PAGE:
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I'm sure at this point someone will say, "You can't make broad generalizations about what ALL men or ALL women do or think or feel!" Which of course is true if taken literally. But we certainly can say that MOST men do X or MOST women think Y. We're different ... and vive la difference! Men certainly do have feelings and care about other human beings. The ...
We can't standardise, but we can generalise As has been mentioned, there is no standard "man" any more than there is a standard "woman". Some women are into ultimate fighting and woodwork. Some men are into cake decorating and fashion. We are all different. I'm assuming from your question though that your male protagonist is more of a standard "manly" man. ...
Men have emotions. The problem in your story is how he expresses them. Writing a diary to a girl sounds like something an emo guy who plays guitar to pick up girls or cuts himself would do. Girls might think it's sweet, but most guys would say 'You did what?!' In general, guys tend to be much more direct. More believable reactions (which can be combined): ...
More usual phrases to use in that situation are "until now," "at this point," or "at this time". Using "till" will may the reader think 'til, which is much more conversational.
Legally, you need permission to publish private communication. There is a lot on this on the web, you'll easily find it through Google. A response by a company to your inquiry is nevertheless addressed to you and private. You must at least anonymize it so that it is impossible to deduce which company you were writing to. If the letters have any kind of ...
I would not consider adding any sentence requesting a response. Instead, saying "I would look forward to the opportunity to discuss your team" or something of that nature. That, as an example, highlights that you would look forward to further conversation initiated on their end.
This is a good question. I remember reading a well-written novel with a particularly unsuccessful attempt at writing cross-gender. The male narrator's actions were believable, but his internal life seemed all too clearly ghostwritten by the female author, which greatly reduced my enjoyment of the book. His thoughts and preoccupations just didn't fit with ...
The text that you've suggested in your question is very similar to what you should write. In US business writing, it's important to get straight to the point. Other than greeting and signing off, you don't have to engage in formalities. If you come from a country, such as France, that uses traditional stock phrases in official correspondence, or cultures ...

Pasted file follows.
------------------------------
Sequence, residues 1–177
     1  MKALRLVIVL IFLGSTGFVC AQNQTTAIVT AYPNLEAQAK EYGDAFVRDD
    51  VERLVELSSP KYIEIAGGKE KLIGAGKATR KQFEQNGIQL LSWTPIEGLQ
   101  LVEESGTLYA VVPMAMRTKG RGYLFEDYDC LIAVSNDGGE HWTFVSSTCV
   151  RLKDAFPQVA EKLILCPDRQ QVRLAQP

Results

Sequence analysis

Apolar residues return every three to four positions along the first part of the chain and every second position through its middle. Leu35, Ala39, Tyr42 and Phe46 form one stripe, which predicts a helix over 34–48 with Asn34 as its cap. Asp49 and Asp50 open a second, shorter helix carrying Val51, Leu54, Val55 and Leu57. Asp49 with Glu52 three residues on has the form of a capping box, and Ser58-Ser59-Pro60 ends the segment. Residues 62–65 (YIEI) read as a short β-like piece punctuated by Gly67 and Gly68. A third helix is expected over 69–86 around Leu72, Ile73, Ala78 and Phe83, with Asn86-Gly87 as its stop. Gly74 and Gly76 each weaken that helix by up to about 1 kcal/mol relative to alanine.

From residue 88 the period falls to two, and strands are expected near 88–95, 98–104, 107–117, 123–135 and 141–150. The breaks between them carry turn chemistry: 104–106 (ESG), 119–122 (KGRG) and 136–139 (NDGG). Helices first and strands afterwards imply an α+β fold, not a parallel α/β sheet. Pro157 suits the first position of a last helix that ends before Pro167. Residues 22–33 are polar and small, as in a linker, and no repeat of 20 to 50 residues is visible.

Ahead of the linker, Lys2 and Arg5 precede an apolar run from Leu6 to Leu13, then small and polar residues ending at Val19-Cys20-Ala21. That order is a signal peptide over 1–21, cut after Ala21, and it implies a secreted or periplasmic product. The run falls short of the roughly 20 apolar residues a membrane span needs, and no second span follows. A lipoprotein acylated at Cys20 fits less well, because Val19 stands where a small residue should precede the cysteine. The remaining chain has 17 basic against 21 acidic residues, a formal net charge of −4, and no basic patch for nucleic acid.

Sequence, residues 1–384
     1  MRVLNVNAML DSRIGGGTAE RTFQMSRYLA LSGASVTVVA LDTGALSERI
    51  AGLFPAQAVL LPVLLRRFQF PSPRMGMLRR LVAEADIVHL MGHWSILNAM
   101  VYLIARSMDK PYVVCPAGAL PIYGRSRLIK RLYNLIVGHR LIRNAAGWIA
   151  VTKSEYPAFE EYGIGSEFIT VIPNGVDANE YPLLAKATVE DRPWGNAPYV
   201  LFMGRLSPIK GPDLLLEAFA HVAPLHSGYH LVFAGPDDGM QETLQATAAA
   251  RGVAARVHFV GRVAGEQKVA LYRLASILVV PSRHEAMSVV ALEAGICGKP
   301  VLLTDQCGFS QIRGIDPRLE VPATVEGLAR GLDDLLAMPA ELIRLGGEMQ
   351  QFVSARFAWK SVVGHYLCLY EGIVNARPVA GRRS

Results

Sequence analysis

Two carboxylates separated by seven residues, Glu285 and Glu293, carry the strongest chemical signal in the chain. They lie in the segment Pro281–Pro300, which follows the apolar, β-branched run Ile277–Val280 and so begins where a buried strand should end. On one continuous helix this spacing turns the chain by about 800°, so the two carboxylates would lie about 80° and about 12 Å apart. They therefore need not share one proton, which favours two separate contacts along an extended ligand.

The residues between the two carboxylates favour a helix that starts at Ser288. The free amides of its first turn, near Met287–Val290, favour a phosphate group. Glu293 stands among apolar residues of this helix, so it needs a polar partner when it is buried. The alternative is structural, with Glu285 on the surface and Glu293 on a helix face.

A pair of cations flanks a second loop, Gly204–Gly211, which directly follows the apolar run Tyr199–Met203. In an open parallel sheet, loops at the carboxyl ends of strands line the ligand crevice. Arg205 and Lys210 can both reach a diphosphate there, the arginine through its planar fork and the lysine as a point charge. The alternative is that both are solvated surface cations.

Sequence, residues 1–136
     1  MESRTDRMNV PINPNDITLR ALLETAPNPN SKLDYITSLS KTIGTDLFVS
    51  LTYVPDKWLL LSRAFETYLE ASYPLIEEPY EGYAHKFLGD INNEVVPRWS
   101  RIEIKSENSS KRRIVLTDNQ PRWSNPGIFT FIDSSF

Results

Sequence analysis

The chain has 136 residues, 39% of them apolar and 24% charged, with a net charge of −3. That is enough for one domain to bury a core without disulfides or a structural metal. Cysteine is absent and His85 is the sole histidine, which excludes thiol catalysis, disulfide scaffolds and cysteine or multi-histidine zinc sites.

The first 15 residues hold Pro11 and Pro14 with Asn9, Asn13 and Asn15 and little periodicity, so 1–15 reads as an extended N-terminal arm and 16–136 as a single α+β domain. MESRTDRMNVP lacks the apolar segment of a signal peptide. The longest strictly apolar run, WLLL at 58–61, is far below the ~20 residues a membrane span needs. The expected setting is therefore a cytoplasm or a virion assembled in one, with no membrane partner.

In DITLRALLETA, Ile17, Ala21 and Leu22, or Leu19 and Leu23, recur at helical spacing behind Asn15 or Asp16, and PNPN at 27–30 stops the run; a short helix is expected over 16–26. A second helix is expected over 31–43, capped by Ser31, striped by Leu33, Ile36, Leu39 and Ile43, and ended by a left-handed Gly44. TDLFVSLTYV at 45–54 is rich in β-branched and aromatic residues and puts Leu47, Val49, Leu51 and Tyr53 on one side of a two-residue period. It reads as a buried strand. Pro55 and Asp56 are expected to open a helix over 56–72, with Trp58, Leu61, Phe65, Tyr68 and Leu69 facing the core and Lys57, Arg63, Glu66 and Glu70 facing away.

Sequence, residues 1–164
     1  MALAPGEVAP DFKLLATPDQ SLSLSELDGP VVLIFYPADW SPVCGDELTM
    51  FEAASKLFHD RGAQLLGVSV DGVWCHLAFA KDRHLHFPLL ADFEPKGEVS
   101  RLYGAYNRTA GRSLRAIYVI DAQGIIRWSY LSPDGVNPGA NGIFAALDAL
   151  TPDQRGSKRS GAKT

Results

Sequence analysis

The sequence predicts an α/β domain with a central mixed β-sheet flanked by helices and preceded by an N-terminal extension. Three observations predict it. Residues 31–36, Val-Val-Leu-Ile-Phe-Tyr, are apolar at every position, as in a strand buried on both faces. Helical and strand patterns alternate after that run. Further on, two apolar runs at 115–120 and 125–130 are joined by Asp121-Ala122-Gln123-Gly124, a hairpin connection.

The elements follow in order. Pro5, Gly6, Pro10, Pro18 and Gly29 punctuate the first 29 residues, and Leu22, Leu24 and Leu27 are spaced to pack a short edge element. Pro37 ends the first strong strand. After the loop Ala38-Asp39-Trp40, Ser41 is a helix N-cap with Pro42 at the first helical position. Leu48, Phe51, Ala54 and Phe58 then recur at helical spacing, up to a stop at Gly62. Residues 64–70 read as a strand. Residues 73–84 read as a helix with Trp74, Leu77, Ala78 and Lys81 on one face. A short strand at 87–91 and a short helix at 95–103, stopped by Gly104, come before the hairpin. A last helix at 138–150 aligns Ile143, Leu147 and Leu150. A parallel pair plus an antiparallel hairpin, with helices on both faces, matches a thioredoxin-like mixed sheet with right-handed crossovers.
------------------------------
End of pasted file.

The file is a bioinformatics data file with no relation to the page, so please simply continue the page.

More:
I use P.S. in emails fairly often. As others points out, P.S. stands for postscript ("after signature") and it means the content was added after the message was signed. However, just because technology gives you the choice of re-wording a message to avoid a postscipt, that doesn't mean you must re-word the message to avoid a postscript. You may chose to ...
I think you are asking the wrong question! It isn't about whether 'men' as a gender would behave like that, it is about whether your character would behave like that. Choose any emotion that people will feel and You'll find some who exhibits that emotion at all points on that spectrum of that emotion. From someone who doesn't exhibit it at all, to ...
You could make your male character the kind of character who would do what you want him to. Or you could make him someone who would never do that, then somehow change his mind. I think your premise is a good one. You just need to write it in such a way that it seems natural for this character to do this thing.
It is an ok phrase to be used, although there are many more words that would be preferable to it, such as 'before [date of change]' or 'preceding [date]'
In this example, just move the word in question outside the quotation marks: It is possible for God to desire "all people to be saved." It's more difficult in the case that the word in question is buried in the quote. In that case, you would probably just put the entire word itself in brackets.
I don't see any problems. Till now is a very old and proper English phrase from which until derived. Shouldn't be a problem.
If you're recommending her, it must be that you are certain that she's a good fit. This means you need to understand where she's going to fit, and why. Using buzzwords and superlatives is too easy. It only makes a promise. Why would they believe a person who has a thesaurus? What specific experiences that you had with her make you so confident that you're ...
In business communication, as in most other communication, you want to be as concise as possible while still being effective. Your sentence "The reason for which I am writing..." with or without the "to you" is unnecessarily convoluted. Try "I am writing to express my interest..." or even "I am interested in..." Get to the point. I read a lot of cover ...
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